Title: The Forgers
Author: Bradford Morrow
No. of Pages: 258
Origins: The Mysterious Press
Release Date: 4 November 2014
Bottom Line: Gorgeous story about the book world with a kicker of a mystery thrown in for good measure
“The rare book world is stunned when a reclusive collector, Adam Diehl, is found on the floor of his Montauk home: hands severed, surrounded by valuable inscribed books and original manuscripts that have been vandalized beyond repair. Adam’s sister, Meghan, and her lover, Will—a convicted if unrepentant literary forger—struggle to come to terms with the incomprehensible murder. But when Will begins receiving threatening handwritten letters, seemingly penned by long-dead authors but really from someone who knows secrets about Adam’s death and Will’s past, he understands his own life is also on the line—and attempts to forge a new beginning for himself and his beloved Meg.”
Thoughts: One will walk away from reading The Forgers with a much greater appreciation for paper and handwriting arts. For while the book is about Will and his effort to leave his life of crime in his past, it is also a loving homage to old and rare books, handwriting, and the printed page. Will’s love of calligraphy and his skill at forgery are sensuously described but there is also a deep-seated, almost obsessive, passion to it that many a bibliophile will recognize. This is the same passion that entices readers to inhale the unique aroma of novels, to worship at the bookstore altars and get more excited about meeting an author than about a movie star or musician. This exultation of all things handwritten or published makes one crave to put pen to paper oneself and actually write something versus texting or emailing it. Readers will find themselves better appreciating the books in their libraries, especially those autographed and personalized, and will take greater care of their personal collections. In spite of all of Will’s flaws, he makes one proud to be a bibliophile and collector of stationary or calligraphic elements.
Aside from the love affair with paper products, The Forgers is at heart a mystery. There is the mystery of Adam’s death, unsolved and growing colder by the minute. Then there is the mystery of the letters Will receives, their origins and ultimate aims. That the two are connected is never in doubt. Just what those connections are, however, remain unclear as Will struggles to solve his problems without betraying his wife and everything he holds dear.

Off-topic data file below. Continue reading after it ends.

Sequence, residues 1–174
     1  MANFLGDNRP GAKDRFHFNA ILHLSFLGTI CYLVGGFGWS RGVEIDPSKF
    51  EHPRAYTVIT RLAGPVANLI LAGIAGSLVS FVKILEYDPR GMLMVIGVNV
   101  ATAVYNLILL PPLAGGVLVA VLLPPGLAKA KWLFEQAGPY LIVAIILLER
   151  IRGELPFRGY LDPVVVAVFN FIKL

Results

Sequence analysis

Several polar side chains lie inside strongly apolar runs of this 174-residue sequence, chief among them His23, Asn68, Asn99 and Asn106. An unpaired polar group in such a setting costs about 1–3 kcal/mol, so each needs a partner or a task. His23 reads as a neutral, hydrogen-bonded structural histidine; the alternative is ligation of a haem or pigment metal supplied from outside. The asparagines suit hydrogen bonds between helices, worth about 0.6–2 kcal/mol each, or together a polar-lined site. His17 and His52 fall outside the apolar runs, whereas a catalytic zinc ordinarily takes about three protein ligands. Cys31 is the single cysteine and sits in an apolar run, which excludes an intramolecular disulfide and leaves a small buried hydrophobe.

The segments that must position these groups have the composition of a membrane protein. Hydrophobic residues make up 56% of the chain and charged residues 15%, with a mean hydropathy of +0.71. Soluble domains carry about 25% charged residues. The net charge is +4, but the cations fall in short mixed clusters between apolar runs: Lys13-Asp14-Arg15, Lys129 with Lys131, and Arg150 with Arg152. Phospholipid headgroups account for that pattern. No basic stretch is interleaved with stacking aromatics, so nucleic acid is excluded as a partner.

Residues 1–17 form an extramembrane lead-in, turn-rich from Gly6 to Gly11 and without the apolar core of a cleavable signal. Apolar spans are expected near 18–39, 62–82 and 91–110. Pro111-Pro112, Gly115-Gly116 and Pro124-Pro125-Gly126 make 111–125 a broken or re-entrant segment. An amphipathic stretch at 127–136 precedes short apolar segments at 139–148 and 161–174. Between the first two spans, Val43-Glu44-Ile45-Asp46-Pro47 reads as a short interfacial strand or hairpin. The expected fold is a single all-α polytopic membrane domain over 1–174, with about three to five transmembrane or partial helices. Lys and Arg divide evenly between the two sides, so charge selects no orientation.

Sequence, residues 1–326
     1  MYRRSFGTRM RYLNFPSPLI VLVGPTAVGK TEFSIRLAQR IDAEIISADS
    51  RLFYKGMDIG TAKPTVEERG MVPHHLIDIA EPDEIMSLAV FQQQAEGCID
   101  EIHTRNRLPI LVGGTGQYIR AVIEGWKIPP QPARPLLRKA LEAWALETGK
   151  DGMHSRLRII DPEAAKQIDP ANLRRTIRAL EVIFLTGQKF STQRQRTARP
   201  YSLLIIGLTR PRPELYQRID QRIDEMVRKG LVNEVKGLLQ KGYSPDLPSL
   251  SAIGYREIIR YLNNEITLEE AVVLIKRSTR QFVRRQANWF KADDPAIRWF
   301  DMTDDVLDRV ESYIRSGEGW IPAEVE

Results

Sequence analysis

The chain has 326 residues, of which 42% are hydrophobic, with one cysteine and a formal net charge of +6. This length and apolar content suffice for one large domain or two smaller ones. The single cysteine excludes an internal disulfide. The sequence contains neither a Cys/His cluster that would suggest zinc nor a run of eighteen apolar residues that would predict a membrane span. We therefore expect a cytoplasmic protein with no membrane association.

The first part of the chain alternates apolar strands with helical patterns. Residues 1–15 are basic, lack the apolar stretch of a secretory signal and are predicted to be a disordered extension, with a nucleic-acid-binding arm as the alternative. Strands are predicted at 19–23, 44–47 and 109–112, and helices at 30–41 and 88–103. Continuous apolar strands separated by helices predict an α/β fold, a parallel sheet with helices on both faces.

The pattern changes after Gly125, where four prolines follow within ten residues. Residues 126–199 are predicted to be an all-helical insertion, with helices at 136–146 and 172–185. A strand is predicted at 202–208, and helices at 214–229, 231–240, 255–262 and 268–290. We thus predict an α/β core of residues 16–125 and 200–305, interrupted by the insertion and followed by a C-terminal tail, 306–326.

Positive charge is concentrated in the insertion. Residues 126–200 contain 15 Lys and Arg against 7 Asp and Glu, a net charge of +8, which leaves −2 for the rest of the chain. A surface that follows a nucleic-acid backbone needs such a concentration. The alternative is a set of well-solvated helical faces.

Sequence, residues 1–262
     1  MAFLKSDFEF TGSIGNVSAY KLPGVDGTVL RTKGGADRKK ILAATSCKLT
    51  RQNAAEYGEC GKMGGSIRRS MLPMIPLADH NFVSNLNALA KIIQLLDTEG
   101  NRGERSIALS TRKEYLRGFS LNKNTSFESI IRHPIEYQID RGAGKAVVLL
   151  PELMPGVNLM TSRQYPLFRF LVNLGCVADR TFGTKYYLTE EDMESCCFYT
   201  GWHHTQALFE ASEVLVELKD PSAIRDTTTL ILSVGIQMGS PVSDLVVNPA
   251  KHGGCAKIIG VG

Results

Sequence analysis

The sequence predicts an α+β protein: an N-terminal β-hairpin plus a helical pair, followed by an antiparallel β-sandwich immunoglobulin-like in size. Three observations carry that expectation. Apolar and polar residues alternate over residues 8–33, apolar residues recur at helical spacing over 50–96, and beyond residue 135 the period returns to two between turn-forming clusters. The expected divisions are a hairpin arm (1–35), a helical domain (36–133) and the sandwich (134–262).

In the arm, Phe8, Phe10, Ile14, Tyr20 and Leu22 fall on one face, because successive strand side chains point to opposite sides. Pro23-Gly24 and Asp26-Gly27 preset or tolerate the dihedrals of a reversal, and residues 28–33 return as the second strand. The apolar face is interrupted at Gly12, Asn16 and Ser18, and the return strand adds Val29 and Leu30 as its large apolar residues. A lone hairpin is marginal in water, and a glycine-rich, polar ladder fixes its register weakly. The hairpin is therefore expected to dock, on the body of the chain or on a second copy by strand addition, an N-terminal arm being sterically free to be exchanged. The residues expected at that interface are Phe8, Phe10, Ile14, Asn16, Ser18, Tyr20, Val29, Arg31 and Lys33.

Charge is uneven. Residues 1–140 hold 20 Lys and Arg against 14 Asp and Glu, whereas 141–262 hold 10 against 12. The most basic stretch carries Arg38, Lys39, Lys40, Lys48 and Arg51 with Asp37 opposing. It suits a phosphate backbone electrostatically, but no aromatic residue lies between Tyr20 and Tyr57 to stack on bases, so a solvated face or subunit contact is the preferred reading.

Using Will as a narrator is a clever decision and one that has great impact on a reader’s appreciation of the story. Will never hides his past. One knows from the very beginning that he is a criminal, and he is even very honest about his wish to continue using his skills as a master forger. He is genuine in his love for Meghan and his desire for a fresh start. However, he is a reformed criminal, and no matter how much sympathy he generates within a reader, that fact never disappears. Readers must decide for themselves if he is as trustworthy as he appears to be. This is the true mystery of the story and one that captures and maintains a reader’s interest as it meanders through New York to Ireland and back again.
The Forgers will have mass appeal to mystery fans, but it is with bibliophiles where its true stardom will generate. The descriptions of the old and highly valued novels are entrancing and decadent, while Will’s nonchalance at “enhancing” first editions with his forgeries is simply infuriating. One marvels at his skills with old writing styles while abhorring the way he so callously disregards a book’s value. It is the type of novel in which readers will want to put it down in disgust at Will’s actions or desires but want to keep reading because his story is so compelling. The is-he-or-is-he-not-reliable question clings to every page, compounding a reader’s engagement and enhancing one’s reading pleasure. With plenty of ambiguity to foster many a heated discussion, The Forgers will make a great book club selection as well as a wonderful way to enjoy a weekend.